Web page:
mattbrowne's avatar

@Rarebear – You mentioned that you’re happy to engage in a cosmological debate:

http://www.fluther.com/86931/how-do-atheists-explain-the-universe-or-multiverse/

RealEyesRealizeRealLies's avatar

@ETpro

The point is to acknowledge the existence of an immaterial realm. There is no “where the alien first discovered it”. Essence of Info is beyond a “where”. It does not manifest into our physical realm without a mechanism to manifest it upon. That mechanism is a process of codification… language.

The “ation” in Information, denotes a process. The process of manifesting thought in-to-form. Before that process it had no form to represent its form-lessness. It was, and still is, form-less, and thus, “where” does not apply. Only the medium used to express it had form.

From my earlier comments, you will note that I equate mind and soul as synonymous terms provided by science and religion. But they refer to the exact same immaterial agent.

Are you denying the existence of an immaterial realm? I thought you agreed it existed after acknowledging that physical mediums could be destroyed yet the “Truth OF them” still existed. Was I mistaken?

Point being, that if there indeed exists an immaterial realm, then it is not such a hard swallow to acknowledge the existence of an immaterial mind/soul. I’m actually coming to the position that the immaterial mind/soul IS the immaterial realm. It doesn’t reside there. There is no there. It IS that. It simply IS, and I propose that It IS the True reality, and our physical existence is the illusion.

dpworkin's avatar

Time for you to read the Vedas, and really get the lowdown on this illusion thing.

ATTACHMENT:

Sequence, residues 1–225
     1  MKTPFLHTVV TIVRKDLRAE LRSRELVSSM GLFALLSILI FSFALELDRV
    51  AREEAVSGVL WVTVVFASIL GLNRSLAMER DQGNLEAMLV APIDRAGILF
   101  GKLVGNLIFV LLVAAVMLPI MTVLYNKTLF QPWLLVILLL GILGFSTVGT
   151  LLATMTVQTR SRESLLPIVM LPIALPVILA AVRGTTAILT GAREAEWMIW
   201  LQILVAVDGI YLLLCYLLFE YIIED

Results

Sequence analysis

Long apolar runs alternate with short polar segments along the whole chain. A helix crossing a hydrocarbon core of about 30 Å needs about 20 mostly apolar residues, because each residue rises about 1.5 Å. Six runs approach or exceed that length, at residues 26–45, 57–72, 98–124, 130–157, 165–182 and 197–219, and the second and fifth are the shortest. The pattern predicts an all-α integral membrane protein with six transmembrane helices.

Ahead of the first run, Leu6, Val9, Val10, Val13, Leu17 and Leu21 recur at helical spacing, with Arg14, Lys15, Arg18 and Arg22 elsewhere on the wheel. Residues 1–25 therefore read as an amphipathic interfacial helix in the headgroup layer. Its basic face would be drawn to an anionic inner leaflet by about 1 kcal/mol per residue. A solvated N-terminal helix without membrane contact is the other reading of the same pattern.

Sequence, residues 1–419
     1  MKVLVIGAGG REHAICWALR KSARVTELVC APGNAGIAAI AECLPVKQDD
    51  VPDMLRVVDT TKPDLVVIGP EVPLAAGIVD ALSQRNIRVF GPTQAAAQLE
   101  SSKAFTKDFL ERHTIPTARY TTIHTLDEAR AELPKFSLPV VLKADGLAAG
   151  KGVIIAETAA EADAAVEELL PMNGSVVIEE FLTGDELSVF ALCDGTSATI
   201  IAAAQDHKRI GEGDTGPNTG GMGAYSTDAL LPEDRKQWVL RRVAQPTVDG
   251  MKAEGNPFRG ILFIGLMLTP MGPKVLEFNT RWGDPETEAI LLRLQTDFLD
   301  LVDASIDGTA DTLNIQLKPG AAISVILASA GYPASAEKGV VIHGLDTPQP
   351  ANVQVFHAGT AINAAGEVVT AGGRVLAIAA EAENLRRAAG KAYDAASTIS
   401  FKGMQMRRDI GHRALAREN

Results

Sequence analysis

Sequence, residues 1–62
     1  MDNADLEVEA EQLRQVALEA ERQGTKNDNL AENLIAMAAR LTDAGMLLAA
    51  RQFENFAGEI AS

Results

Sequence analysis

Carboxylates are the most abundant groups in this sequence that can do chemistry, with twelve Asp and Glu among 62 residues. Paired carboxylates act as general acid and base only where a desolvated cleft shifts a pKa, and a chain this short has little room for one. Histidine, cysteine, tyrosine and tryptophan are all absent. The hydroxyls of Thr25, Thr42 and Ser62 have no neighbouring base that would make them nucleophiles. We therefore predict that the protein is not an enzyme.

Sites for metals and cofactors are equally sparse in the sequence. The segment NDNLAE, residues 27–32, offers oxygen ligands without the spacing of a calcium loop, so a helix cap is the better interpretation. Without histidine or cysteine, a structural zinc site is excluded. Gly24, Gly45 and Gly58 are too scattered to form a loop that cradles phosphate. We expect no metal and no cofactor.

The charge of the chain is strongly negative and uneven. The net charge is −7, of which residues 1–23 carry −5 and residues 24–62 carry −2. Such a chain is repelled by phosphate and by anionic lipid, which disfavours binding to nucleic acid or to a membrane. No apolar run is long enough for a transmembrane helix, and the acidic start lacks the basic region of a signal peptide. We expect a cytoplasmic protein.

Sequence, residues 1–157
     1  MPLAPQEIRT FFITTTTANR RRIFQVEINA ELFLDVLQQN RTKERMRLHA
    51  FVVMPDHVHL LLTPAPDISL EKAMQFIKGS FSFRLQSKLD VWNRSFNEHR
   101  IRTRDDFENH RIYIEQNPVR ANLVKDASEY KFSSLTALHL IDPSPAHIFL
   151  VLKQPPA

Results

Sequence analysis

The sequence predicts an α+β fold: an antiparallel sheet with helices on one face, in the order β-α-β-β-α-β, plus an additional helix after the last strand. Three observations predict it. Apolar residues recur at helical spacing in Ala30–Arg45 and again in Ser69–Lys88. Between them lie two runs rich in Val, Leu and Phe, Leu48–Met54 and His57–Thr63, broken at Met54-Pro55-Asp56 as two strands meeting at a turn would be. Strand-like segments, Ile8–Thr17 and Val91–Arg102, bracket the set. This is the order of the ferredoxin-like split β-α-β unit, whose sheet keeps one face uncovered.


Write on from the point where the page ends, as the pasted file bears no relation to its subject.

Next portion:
ETpro's avatar

@RealEyesRealizeRealLies The point is to acknowledge the existence of an immaterial realm. There is no “where the alien first discovered it”. Essence of Info is beyond a where

But I do not accept an immaterial world of the soul or spirit or God because I have seen no evidence such a world exists. The circular argument that it is immaterial and thus beyond physical evidence’s reach is exactly the world of superstition I reject. I am most willing to accept an immaterial world if I see evidence of it.

The information we have about the physical universe, things such as the law of gravity, the laws of thermodynamics and such, came from observation of physical entities that do exist. We learned them from observing existence, not from some ethereal, mystical thought transfer. We can argue for a world that is all illusion. We can believe that all truth is contained only in the non-corporeal, mysterious immaterial realm. But the moment we step into that realm, any two of us can set up belief systems that are at once unassailable by any means and completely contradictory to one another. They cannot both be right if information and logic has any meaning whatsoever. We have seen that truth in the clashes of cultural superstitions around the world from the dawn of time till today.